IT was a particularly gloomy January evening when I saw the equally gloomy BBC headline: “One in three women harassed while running, survey finds.” I immediately knew it was time to put my New Year’s resolution into action. So I got my running gear on, waited for a break in the rain, then headed out into the darkness.

I wasn’t hopeful of succeeding first time. Friends had been sceptical about my chances. The resolution isn’t about keeping fit, you see, but keeping optimistic. My plan, for the entirety of 2017, is to offer a high-five to every fellow runner I pass for the first time.

Running is boring. People who talk about running, to people who don’t do running, are gold-medal contenders in the Boring Olympics. But it’s free, requires no specialist equipment or skill, keeps you fit and helps clear your head, so it’s little wonder so many people resolve to give it a whirl at the start of each year. The main snag with this is that winter is the worst possible time to take up running, particularly if you spend most daylight hours chained to a desk. And that’s without factoring in the Scottish weather.

I understand why English Athletics wants to highlight the harassment women experience while out running on their own. I understand why The Guardian followed up with an appeal for user-generated content headed “Women: have you been hassled while out running?” I’m not suggesting for a minute that we should minimise horrible experiences, but I do hope women don’t read those headlines and resolve to stay indoors. I’d like to hear positive stories too.

I’ve never felt harassed when out running, but I appreciate that not everyone responds in the same way to what I term “spectator interaction”. One woman’s shout of encouragement is another’s unwelcome intrusion, and not everyone’s experience is enhanced by the prospect of a full house in running bingo (that’s a “Run, Forrest, Run!”, a horn toot, plus an outburst of generic admiration such as a “gaun yersel hen” or a “whoosh!”).

It’s not a competition, but the experiences my male friends recount are a lot less friendly. One pal earned a “haw, fatso” when he first took up running, and after shedding a few pounds graduated to “haw, psycho”, while others report being chased or even attacked. None has given up altogether, but some have changed their routes or the timing of their runs.

English Athletics commissioned its research to coincide with the launch of its RunTogether programme, which starts from the premise that running is “most fun when shared with others”. This is an England-only scheme, so those in Scotland who clocked the “run and be harassed” headlines will have to do their own research if they want to get in touch with informal running groups. One great starting point for anyone seeking safety in numbers is the wonderful grassroots phenomenon Parkrun – timed Saturday-morning 5ks in parks all over the country that anyone can enter for free. There are 26 in Scotland including five in Glasgow alone, three of which were established as Commonwealth Games legacy events. Not only are the routes marked out every weekend, but some truly special folk get out of their beds just to come and act as volunteer marshalls. In the more demonstrative parts of the country they even clap and cheer when you pass by.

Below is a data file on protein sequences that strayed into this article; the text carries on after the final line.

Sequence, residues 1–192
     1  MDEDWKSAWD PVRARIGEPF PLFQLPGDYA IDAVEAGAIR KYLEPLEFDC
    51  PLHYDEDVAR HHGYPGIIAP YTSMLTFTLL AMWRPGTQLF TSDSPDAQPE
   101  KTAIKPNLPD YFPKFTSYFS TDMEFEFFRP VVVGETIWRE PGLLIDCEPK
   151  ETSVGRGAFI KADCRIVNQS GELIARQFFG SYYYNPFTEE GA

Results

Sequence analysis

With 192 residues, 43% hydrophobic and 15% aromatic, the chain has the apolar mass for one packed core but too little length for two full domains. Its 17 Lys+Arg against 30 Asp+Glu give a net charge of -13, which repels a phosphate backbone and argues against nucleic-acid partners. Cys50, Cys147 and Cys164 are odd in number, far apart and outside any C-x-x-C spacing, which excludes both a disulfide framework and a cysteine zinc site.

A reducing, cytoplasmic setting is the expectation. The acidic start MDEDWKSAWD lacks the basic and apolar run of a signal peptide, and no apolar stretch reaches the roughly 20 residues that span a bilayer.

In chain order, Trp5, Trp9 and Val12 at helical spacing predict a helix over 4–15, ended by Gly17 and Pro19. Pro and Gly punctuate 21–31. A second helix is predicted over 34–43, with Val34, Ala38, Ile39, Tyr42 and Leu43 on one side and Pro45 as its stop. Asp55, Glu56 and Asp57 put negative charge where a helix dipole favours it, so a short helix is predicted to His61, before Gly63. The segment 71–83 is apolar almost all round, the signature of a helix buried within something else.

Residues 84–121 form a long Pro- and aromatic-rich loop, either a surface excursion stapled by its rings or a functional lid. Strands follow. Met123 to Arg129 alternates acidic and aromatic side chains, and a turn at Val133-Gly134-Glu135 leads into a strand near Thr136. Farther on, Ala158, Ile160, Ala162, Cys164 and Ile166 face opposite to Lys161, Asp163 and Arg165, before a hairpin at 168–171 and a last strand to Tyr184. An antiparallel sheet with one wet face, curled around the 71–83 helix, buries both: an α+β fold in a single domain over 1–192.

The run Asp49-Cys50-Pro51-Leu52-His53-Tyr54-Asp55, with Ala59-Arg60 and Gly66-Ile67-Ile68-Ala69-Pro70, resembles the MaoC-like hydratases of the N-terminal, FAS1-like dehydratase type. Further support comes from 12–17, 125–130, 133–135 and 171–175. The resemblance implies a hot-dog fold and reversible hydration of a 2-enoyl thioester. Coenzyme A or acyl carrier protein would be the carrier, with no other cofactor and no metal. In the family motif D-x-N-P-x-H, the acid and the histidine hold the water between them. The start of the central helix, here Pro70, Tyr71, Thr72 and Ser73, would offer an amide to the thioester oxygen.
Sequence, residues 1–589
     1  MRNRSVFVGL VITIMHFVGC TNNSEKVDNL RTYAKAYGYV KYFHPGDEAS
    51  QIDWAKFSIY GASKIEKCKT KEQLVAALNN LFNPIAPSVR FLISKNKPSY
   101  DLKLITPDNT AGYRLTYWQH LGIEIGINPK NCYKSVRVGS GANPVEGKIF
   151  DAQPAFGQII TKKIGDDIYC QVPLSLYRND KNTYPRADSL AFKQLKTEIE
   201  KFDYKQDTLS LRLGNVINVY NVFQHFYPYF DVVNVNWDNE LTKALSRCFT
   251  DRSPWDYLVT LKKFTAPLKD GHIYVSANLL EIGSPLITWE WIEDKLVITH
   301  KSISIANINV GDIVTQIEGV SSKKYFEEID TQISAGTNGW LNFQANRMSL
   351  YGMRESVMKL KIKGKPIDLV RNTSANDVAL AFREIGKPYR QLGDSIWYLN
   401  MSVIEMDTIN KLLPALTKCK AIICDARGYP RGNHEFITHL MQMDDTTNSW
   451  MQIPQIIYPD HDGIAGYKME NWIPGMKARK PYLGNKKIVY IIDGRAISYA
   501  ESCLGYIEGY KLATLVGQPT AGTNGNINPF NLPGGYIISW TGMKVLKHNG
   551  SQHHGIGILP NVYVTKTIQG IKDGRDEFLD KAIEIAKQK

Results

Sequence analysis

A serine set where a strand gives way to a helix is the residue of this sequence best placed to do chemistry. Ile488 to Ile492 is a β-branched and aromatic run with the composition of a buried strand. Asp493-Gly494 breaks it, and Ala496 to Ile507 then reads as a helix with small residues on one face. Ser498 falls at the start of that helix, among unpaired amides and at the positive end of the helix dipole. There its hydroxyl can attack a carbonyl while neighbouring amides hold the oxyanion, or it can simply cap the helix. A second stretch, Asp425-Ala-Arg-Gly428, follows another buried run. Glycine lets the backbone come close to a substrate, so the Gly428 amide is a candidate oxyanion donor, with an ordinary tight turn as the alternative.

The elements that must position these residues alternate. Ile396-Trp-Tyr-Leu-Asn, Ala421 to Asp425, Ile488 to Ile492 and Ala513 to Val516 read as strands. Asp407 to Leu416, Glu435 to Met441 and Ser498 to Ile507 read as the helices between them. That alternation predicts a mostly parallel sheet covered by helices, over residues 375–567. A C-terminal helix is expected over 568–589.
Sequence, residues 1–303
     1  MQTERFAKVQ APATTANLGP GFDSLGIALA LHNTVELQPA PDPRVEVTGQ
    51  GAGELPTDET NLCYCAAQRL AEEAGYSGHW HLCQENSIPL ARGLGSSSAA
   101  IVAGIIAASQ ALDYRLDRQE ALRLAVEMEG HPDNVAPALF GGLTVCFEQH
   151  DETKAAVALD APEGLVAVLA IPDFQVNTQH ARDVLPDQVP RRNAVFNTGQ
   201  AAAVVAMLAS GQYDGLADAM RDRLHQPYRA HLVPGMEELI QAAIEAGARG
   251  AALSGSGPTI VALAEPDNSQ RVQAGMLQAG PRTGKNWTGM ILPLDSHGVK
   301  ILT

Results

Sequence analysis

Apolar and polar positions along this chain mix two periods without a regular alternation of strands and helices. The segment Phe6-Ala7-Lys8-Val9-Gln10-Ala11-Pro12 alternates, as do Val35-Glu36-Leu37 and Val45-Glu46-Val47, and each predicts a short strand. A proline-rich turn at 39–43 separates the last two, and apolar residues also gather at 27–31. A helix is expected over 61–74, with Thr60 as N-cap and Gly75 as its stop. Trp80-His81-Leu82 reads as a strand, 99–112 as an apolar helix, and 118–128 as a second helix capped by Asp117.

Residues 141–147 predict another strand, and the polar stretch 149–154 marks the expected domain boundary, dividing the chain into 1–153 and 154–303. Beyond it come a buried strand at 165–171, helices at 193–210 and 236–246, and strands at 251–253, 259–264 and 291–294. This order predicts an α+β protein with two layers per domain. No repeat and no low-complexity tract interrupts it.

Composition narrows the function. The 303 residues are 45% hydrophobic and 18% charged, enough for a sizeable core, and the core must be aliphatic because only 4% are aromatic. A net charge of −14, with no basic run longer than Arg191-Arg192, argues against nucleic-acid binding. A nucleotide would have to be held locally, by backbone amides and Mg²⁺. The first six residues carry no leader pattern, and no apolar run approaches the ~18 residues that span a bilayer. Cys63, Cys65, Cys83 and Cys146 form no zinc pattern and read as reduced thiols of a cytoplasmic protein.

These opportunities are great, but running in a group isn’t everyone’s cup of tea, and it generally takes a bit of organising. Some of the best aspects of pounding the pavement – the easy availability, the head-clearing potential – are lost if people decide that going it alone is too risky and harassment or outright abuse is inevitable. If the great majority retreat into gyms, a pleasingly solitary pursuit might become downright lonely. I always feel spurred on by the sight of a fellow runner, and a bit disappointed that the camaraderie of Parkrun isn’t replicated elsewhere. Hence my modest resolution to try and generate a spark of team spirit, without being intrusive or invading anyone’s space; without doing anything that might be perceived as harassing or belittling. To maybe raise a smile, or encourage someone when they need a wee boost. To offer a simple reminder that we’re all in this together, whether we’re in high-end Lycra or an old T-shirt and hand-me-down shorts. That we’re all just trying our personal best. That when you rub our feet the wrong way, we all blister.

Reader, I was high-fived. I was high-fived on my very first attempt. The man in the fluorescent orange top appeared before me within the first two minutes of my run. I had no time to pause, or to assess his potential friendliness, as we were approaching each other at a fair lick. So I simply raised my gloved hand into the space between us, and then … impact. I might have whooped. I definitely did an instinctive double fist-pump. I’ve never felt so alive. He was already long gone, powering away behind me, but I had an extra spring in my step. Two strangers, united by a simple act of putting one foot in front of the other on a dreich winter’s night.

You can follow my efforts (and commiserate when I’m left hanging) by checking out #Hi5AnotherRunner on Twitter. Or, better still, join in!